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On Wednesday, April 12, Prime Minister Trudeau will present that citizenship to Malala Yousafzai. For young women across our country, it will be a moment of pride and hope. Her fearless stand is something Canada applauds. But recognizing her passion is not all Canada is doing to improve the lives of girls around the world.
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"If Canada leads .. the world will follow."
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The ceremony had been delayed by the 2014 Parliament Hill attack.
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Our lives are rich with amazing women -- yourself included. We stand shoulder to shoulder with fierce women who can be found pushing through obstacles, through fears, fuelled by nothing but passion and an unquenchable thirst to reach what they believe possible. Inside of each one of us is a legacy being written, pages of history that will tell what changed because we were here and whose life was made different.
OTTAWA - The young Pakistani education activist who shared this year's Nobel Peace prize will formally receive honorary Canadian citizenship this month.Prime Minister Stephen Harper pledged to make Ma...
OSLO, Norway _ Malala Yousafzai of Pakistan and Kailash Satyarthi of India were jointly awarded the Nobel Peace Prize on Friday for their work for children's rights. The Norwegian Nobel Committee cite...
Boko Haram may seem like a remote African tribe that abducts girls, threatens to kill them, and marries them off against their will. Some introspection would reveal that the same tendencies are alive and instrumental in all Muslim societies.
Over the past nine months, I learned first hand the truth of one well-worn cliché -- a picture really is worth a thousand words. In this case, it's a select group of photos of young girls from around the world that forcefully convey their struggles for basic human rights.
Three remarkable events from the past year stand out from my perspective as the head of an international development agency. All made headlines at the time, but those headlines merely touched the surface of the events' profound ramifications as we look forward to 2014.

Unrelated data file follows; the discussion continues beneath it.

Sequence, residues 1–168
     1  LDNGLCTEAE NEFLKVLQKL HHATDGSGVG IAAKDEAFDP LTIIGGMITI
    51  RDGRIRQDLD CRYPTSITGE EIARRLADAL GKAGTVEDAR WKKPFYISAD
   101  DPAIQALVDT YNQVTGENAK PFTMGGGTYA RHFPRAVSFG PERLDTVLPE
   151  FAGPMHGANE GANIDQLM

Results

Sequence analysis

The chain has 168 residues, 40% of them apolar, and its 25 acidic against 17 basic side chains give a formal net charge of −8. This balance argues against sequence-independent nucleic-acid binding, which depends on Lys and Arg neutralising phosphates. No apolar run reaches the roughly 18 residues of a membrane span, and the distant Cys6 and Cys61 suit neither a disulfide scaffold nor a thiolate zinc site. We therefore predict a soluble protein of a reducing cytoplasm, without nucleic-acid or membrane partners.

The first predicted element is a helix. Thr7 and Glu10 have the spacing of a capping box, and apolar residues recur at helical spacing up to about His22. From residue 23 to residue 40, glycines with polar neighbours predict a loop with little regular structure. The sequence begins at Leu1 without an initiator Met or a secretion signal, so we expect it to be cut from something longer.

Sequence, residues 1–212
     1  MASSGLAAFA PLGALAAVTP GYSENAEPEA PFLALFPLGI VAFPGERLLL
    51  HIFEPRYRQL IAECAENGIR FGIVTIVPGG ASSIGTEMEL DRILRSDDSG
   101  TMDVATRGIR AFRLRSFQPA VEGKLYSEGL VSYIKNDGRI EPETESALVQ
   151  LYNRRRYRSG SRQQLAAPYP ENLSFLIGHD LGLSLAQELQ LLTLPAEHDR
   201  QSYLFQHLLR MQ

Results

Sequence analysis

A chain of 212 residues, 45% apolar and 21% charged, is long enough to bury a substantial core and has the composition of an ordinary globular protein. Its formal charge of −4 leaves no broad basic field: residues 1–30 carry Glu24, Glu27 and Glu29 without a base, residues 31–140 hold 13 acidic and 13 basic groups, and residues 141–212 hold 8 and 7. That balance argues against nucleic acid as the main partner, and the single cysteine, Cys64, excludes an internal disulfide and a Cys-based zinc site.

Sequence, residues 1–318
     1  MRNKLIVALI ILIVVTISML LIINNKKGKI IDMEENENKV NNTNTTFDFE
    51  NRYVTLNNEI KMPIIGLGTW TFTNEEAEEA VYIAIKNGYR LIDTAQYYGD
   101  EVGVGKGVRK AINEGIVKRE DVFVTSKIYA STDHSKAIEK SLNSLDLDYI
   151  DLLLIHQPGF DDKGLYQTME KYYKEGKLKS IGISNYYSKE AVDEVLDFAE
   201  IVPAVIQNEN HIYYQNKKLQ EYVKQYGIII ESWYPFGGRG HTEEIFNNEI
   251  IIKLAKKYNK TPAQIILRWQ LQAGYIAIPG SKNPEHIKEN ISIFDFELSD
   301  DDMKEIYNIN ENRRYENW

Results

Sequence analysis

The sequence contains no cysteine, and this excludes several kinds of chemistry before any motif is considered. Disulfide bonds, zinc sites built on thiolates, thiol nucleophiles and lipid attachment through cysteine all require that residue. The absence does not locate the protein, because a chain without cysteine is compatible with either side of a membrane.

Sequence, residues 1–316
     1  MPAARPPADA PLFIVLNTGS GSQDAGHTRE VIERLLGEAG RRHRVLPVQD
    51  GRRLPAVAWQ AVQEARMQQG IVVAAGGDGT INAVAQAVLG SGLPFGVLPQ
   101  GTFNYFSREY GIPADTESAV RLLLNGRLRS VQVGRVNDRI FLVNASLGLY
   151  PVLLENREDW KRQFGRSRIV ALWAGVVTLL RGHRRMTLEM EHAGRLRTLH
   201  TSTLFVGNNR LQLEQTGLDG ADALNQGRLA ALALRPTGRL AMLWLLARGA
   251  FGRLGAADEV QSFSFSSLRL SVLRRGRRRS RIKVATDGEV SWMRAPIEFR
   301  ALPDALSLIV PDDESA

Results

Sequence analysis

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December 10 has been declared Human Rights Day. This is a day for all of us in the West, in particular, to pray for those who live under autocratic, theocratic, despotic regimes who deny their citizens their humanity.
There is slavery on the 21st century. While we exclaim over the movie "12 Years a Slave," we ignore those who are enslaved today, in Sudan and North Korea.
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Jon Stewart isn't easily impressed. But on Tuesday, a 16-year-old left this sardonic late-show host speechless. A year after she was shot by the Taliban for speaking out about girls' education rights...
But the Nobel for peace has never been awarded to a young person, or to a movement of young people for social change. There has been no shortage of contenders. When the recipient of the 2013 Nobel Peace Prize is announced on Oct 11, many expect to hear a young person's name: Malala Yousafzai.
2012 has proven to be an incredibly exciting and important time to be a woman. One especially important sign of this is the fact that we are re-discovering and using our voices. Now here's where our important work for 2013 comes in. All this ground-breaking awareness, strength and self-authority among women and girls must be protected and nurtured so it continues to grow.
On October 9, millions were shocked to hear that 15-year-old Malala Yusufzai, the Pakistani girls' education rights advocate, had been shot in the head by a Taliban gunman. Tarek Fatah, decided to take a few minutes to put up a petition on Change.org asking the Nobel Foundation to select Malala for the 2013 Nobel Peace Prize. He never counted on helping to mobilize nearly half a million people around the world.
Prime Minister Stephen Harper hopped on the Malala Yousafzai bandwagon by signing a petition to nominate the schoolgirl for the Nobel Peace prize. But Harper's singular gesture will never buy respect from the advocates of fairness, equality and human decency. Only policy reversals can deliver that miracle. Only policy reversals can deliver that miracle.
On October 11, 2012 the world marked the first-ever International Day of the Girl. The celebration was bittersweet, though, given it occurred against the backdrop of worldwide shock and headlines concerning 14-year-old Malala Yousafzai, a young activist from Pakistan, shot in the head by a Taliban member because of her ongoing work and advocacy to ensure more girls get to go to school.